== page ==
The courts are typically reluctant to enforce specific performance of employment contracts or contracts for the provision of personal services. This is to avoid situations, such as involuntary servitude and because of the difficulties in supervising the quality of the performance.

Furthermore, specific performance will not be granted where it would cause undue hardship to the defendant. If fulfilling the contract in the specific manner ordered would be excessively burdensome or unjustly punitive, the courts may opt for damages as a more appropriate remedy.

The principle of mutuality also plays a role in the limitations of specific performance. This principle requires that the remedy be equally available to both parties to the contract. If one party, cannot be compelled to specific performance due to the nature or circumstances of the contract, then neither can the other.

Case law provides numerous examples of these limitations in action. For exampke, the landmark decision in Co-operative Insurance Society Ltd v Argyll Stores (Holdings) Ltd [1997] highlighted the courts’ reluctance to enforce specific performance of a contract to operate a business due to the impracticality of supervising the same.

Specific performance clauses within contracts

Specific performance clauses may be included within contracts. They are contractual provisions that stipulate the expectation or requirement for a court to order specific performance as a remedy in the event of a breach.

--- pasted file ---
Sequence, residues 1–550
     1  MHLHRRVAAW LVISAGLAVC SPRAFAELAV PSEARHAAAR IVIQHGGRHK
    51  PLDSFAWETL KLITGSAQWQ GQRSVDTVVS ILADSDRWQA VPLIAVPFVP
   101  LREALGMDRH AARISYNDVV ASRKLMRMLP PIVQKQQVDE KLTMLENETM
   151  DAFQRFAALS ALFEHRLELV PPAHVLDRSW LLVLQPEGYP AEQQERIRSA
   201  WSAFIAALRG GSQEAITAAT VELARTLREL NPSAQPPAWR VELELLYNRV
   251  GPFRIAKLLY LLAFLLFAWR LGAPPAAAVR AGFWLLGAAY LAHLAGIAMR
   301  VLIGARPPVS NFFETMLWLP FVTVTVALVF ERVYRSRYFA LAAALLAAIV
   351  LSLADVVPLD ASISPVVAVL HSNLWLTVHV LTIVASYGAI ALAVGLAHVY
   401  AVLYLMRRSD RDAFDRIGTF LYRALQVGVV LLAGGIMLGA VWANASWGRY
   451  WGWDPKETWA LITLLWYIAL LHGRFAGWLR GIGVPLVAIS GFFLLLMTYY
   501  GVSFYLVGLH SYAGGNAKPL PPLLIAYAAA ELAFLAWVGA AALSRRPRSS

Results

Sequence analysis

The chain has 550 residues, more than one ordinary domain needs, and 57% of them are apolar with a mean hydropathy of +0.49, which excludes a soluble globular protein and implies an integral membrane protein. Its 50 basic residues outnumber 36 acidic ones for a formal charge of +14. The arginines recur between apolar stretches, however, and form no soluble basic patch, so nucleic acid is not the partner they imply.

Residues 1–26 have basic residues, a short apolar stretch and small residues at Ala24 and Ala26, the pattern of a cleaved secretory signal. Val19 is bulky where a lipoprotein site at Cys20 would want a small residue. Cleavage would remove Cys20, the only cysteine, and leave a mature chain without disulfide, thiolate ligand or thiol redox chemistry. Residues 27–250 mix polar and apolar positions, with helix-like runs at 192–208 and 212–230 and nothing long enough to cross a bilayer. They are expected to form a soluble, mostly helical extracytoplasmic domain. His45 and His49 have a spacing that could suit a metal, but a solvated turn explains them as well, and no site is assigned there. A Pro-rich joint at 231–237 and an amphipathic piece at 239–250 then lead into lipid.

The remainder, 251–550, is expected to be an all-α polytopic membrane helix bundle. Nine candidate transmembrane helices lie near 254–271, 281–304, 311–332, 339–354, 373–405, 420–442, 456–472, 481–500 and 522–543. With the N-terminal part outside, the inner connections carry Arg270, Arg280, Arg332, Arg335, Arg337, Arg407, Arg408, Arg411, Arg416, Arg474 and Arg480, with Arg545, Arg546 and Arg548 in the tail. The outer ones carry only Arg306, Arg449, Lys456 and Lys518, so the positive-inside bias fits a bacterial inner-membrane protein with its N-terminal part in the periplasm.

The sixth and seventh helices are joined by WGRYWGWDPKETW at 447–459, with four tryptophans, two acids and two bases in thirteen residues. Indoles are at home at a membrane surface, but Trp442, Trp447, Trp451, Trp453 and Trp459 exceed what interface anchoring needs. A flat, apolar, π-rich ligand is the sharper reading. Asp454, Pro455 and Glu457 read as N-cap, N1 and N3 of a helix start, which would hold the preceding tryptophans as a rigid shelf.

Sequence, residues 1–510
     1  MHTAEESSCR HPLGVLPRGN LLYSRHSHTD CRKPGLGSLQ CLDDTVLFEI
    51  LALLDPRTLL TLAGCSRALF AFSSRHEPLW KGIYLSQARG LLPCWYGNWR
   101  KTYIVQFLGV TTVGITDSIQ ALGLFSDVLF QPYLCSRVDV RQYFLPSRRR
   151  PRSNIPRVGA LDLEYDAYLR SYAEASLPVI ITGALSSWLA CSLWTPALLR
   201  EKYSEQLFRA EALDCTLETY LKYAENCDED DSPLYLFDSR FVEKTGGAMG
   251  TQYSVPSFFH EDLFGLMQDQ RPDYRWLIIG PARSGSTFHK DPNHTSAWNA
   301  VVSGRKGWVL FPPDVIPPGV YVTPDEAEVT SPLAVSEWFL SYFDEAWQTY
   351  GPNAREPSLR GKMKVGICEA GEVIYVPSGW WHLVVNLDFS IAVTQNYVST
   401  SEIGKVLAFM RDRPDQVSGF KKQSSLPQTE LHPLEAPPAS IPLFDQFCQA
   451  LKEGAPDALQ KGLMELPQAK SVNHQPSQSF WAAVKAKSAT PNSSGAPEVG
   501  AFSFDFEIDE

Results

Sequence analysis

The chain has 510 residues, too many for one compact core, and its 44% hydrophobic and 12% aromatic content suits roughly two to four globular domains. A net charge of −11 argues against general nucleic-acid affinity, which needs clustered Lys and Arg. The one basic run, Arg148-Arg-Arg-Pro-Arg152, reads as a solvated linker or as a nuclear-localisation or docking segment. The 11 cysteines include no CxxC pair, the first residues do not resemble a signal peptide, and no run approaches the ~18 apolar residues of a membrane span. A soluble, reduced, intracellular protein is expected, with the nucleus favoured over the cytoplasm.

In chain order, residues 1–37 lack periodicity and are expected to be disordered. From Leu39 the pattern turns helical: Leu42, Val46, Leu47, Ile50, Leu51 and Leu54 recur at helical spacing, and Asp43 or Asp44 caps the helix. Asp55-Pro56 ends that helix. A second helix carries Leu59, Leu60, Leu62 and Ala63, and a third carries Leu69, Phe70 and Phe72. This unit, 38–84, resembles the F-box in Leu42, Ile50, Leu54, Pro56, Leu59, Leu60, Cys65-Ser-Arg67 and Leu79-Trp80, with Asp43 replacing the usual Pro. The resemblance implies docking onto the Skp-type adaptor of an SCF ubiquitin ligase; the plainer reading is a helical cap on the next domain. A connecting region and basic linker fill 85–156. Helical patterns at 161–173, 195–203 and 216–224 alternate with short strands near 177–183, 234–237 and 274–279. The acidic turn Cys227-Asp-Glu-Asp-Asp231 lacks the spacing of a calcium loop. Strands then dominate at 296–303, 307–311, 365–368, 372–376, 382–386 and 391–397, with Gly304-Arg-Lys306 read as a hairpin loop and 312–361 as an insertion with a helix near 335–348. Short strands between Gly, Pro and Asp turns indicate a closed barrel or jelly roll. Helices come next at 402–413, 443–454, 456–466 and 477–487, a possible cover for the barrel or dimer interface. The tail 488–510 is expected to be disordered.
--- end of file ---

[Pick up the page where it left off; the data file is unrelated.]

These types of clauses are an attempt by the parties to a contract to predetermine the remedy for non-performance or misperformance. It highlights their preference for the actual fulfilment of the contract’s terms over other forms of remedies, such as monetary damages.

Whilst the inclusion of a specific performance clause highlights the parties’ intentions and priorities, its enforceability and the ultimate decision to grant specific performance rests with the court.

These types of clauses are often included in contracts involving unique goods or properties. This may include art, antiques, custom-made items, or real estate, where monetary compensation is deemed inadequate to address the non-breaching party’s loss.

The inclusion of a specific performance clause can highlight the parties’ commitment to the terms of the contract. They can also serve as a deterrent against breaches, given the potential for a court order compelling performance.

When drafting a specific performance clause, parties should:

  • Be specific: Clearly define the obligations for which specific performance is sought, ensuring they are central to the contract’s purpose.
  • Consider feasibility: Reflect on whether the court can practically enforce the clause without undue burden.
  • Legal Advice: Seek legal advice to ensure the clause aligns with legal standards and is likely to be enforceable.